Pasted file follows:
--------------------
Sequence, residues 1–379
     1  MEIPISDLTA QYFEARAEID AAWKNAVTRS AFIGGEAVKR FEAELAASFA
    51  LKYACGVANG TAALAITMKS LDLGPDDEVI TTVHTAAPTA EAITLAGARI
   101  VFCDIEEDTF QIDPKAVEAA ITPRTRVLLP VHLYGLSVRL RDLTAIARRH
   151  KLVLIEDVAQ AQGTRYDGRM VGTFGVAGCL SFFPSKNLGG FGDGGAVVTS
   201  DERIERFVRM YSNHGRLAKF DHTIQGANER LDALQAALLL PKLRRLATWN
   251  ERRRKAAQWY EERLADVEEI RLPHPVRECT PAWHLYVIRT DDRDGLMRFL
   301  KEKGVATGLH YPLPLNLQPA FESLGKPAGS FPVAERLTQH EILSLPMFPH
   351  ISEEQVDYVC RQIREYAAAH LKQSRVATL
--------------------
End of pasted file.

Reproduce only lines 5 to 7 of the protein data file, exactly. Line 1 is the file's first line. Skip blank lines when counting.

   151  KLVLIEDVAQ AQGTRYDGRM VGTFGVAGCL SFFPSKNLGG FGDGGAVVTS
   201  DERIERFVRM YSNHGRLAKF DHTIQGANER LDALQAALLL PKLRRLATWN
   251  ERRRKAAQWY EERLADVEEI RLPHPVRECT PAWHLYVIRT DDRDGLMRFL